The figure comes with the “instructions” if you like on the rear – you do not really even need these – I didn’t, and I am not the sharpest knife in the draw so to speak. Each figure is sectioned off neatly on his own sector of the sprue and I on purpose didn’t look at any instructions – the kit went together very easily. If you lack discipline and need to follow a plan then the sprue parts are numbered on the back and the pictures of each repairman are there – numbers included as a ready guide. No painting instructions are given but I would think if you follow pretty much what they have set out here on the box art you cannot go wrong. (Grey overwear – white underwear)
The figure detail on the whole is well done. The details are all there and the faces look pretty good – not like “golems” which used to be the case – you can see they are all different – you just have to be careful not to take away that detail whilst cleaning them up or painting as it is there but very fine 9as it should be I suppose)
Going through the soldiers one by one and then notes on the construction. We will look at each of the figures:
The first mechanic - Pumping up the tyre:
This mechanic is in long uniform pants with his “wife beater” or singlet as we call it in Australia. He is leaning over pumping up the tyre that the other soldier looks like he is holding in the picture. The thing is the tyre and the engine pictured in the shots on the back aren’t included – they are never stated to be so no one is being dishonest – you will just have to get him something to pump up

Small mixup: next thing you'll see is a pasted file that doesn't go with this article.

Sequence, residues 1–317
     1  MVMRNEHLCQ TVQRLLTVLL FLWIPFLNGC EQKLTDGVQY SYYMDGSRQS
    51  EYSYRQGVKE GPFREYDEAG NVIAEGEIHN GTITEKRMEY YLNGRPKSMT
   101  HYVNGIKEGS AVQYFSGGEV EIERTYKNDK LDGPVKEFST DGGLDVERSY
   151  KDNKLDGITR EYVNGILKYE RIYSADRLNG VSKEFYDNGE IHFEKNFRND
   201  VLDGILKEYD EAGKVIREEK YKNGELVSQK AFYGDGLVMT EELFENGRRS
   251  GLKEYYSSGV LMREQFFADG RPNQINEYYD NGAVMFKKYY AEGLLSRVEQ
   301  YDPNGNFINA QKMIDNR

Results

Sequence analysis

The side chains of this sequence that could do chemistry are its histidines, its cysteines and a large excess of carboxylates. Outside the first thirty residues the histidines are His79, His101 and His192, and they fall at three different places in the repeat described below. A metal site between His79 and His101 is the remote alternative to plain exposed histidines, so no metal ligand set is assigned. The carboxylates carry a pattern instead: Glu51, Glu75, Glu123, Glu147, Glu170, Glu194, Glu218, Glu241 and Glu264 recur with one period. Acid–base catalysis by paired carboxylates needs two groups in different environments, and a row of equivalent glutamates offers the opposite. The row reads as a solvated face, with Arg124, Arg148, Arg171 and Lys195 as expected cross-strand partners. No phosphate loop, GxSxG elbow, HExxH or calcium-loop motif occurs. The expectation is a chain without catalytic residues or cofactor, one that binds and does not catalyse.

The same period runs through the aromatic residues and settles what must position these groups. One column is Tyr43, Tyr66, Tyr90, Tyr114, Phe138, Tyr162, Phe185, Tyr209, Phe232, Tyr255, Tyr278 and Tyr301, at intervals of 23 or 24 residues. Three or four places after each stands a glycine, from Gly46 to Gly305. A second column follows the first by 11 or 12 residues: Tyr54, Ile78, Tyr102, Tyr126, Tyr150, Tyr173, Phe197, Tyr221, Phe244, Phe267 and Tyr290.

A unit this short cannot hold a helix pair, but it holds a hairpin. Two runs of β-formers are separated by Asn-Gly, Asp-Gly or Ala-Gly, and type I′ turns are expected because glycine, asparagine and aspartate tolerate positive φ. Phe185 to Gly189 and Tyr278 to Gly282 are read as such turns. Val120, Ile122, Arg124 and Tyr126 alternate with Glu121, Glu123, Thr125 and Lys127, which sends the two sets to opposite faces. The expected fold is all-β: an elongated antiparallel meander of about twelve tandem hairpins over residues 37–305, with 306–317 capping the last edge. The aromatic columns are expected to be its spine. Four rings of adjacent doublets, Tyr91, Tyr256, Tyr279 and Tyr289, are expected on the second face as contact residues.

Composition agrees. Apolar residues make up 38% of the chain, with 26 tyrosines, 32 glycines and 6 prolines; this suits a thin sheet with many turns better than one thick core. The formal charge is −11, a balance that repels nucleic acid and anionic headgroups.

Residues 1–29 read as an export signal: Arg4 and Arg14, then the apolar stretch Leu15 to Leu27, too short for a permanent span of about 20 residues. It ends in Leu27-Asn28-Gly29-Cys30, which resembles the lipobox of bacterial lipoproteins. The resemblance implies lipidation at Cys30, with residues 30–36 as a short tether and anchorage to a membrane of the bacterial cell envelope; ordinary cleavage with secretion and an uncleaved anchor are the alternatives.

The figure stands up nicely by himself whilst leaning over to pump up the tyres of whatever he is inflating – I would think it is not a car though otherwise he would be at it all day. The T-shaped pump fits in his hands ok.
The mechanic inspecting the inner tube:
Apart from the inner tube it is all there – from the slim soldier in his uniform pants and long sleeve shirt with side cap on his head which was usual barracks wear, the soldier also wears long boots and has a long pipe for his mouth as well.
I think he is the best looking of all of these soldiers – he has a great natural pose while examining whatever you want to place in his hands and the pipe is a nice addition. The only thing I would criticise is his head looks a little big compared to his body.
The mechanic sitting: (smoking it up!)